It's awards season in the crime community -- that glorious time of year when people get to root for the nominees, cheer (or sneer) for the winners, and complain about the ignorance of the judges in leaving off our favorite books. (We also get to bitch about the books that were included. There's a reason they call our main conference "Bitchercon." We like to complain.)

The Edgars will be given away next month. ITW announced the shortlist for the Thriller Awards over the weekend. It'll be time to start the nominations for the Anthony Awards soon. And Mystery Ink just announced the nominees for the Gumshoe Awards today. (There are several others that I'm leaving out, including the Barry Awards, Agatha Awards, and more. But I got tired of finding links.)

I have mixed feelings about all of these awards. Yes, I say this even though I was responsible for creating the Gumshoe Awards, and was a judge for last year's Thriller Awards. On the positive side, I do believe they serve a purpose: they help bring attention to authors and books, a commodity that is always in short supply. They also, when done right, celebrate the excellence within our community, which I think is a good and rewarding thing.

But why are there so damn many of them? And do they ultimately mean anything? I've been told by people in the know that the only award that significantly impacts an author's career is the Edgar for Best Novel. Still, it does seem that even some of the smaller awards can help boost a writer's name-recognition, and help increase their stature within the community, and maybe even with their publisher. Whether or not they actually sell books...Well, that's a different matter.

Awards also, of course, stir up controversy, bitterness and resentment. Some people will be upset at the books that were or were not nominated. (Some people? Hell, all of us will be.) Others might resent the sexual or racial make-up of the authors selected. Some will complain that the nominated books were too commercial or too obscure, too esoteric or too common. And I can't help but think that even the most hard-boiled of mystery writers sometimes feels a stab of regret when he is passed over yet again.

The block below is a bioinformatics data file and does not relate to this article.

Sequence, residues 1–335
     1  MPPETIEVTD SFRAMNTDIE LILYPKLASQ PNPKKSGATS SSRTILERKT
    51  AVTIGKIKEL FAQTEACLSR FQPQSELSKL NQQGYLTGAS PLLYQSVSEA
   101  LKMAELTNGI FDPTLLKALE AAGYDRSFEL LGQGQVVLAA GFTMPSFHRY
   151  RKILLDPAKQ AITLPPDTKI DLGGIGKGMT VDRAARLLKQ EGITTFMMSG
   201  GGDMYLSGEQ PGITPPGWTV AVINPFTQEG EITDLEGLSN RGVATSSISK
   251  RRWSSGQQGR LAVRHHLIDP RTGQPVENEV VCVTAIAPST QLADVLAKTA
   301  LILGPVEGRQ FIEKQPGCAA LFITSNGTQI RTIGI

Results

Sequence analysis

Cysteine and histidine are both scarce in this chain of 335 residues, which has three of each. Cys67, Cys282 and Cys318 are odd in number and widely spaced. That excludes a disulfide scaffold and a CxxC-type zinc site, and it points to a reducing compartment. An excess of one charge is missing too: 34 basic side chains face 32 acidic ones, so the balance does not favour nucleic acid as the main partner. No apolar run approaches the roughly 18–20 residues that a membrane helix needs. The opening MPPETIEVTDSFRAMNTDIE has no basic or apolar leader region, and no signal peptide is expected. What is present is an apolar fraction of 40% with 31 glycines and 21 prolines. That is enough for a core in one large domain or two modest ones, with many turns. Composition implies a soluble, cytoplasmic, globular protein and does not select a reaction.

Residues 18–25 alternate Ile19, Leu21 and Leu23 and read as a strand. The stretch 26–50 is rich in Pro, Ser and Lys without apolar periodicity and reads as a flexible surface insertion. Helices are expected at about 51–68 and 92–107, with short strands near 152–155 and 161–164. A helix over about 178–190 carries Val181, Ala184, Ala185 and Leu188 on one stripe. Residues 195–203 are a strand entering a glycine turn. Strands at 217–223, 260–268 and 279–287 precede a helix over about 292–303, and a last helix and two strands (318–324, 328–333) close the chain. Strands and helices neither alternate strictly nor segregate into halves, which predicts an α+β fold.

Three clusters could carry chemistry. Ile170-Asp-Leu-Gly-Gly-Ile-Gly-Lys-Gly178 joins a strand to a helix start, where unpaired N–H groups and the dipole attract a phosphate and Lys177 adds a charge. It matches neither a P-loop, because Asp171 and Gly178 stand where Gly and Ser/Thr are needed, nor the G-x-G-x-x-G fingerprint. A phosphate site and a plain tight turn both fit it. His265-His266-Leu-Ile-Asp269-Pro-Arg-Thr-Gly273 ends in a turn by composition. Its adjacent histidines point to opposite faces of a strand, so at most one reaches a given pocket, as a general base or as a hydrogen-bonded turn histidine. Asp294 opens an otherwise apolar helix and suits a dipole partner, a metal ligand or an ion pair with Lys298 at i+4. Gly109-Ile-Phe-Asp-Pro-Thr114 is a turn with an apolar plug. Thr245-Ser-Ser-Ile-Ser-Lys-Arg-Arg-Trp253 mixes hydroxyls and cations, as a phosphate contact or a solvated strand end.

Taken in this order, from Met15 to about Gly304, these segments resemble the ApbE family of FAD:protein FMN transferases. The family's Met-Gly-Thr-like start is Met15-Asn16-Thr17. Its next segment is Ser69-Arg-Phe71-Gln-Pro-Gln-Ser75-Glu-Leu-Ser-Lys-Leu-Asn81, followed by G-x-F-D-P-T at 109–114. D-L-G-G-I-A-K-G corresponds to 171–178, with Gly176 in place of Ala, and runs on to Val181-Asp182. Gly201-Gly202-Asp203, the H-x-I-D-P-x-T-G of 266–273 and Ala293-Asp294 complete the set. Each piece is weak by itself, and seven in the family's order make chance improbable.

There's also the whole question of selecting "the best" of all the books in any given year. Obviously, it's quite subjective and subject to the whims, predilections and prejudices of the judges. No matter which award we're talking about, we'll all be scratching our heads over some of the selections. (The thing is, though, that we'll be scratching our heads about different books. That's all just part of the fun.)

Still, despite the negatives, I do enjoy the awards. I'm always pleased when books that I loved are singled out, and enjoy the chance to have excellent books brought to my attention that I otherwise might have missed. I like seeing good people honored for the hard work they do. I like seeing people actually care about books.

If nothing else, awards get people talking about books and thinking about books, at least for a little while, and those are things we always need more of. For me, that's the most important reason to have awards. Even if there are too many of them.

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I'm nominated for a Stoker for my first novel and what I'd call it is a glow. Maybe I should have said a Shining, since it's the Horror Writers' award - but what it feels like is a glow. It definitely gets you more publicity, interviews, attention in the community. Bookstores put announcements about it in their mailing lists. You get listed on a ton of websites. You get more signing requests and more mail. People are suddenly just that much more aware of you, and there's no question it's a boost.

I think awards are a positive thing that genre communities can do for - especially newer - writers in terms of publicity and to bring attention to the genre. Nominations and wins are a bit random, but I have to think they're more randomly helpful than harmful.
Congrats on the Stoker nom! I hadn't heard. That's great news.
Thanks, sweetie - of course, you don't REALLY care because horror is unrealistic... until of course, that closet door opens and what's in it wants YOU ;)

Chacun a son gout, etc.



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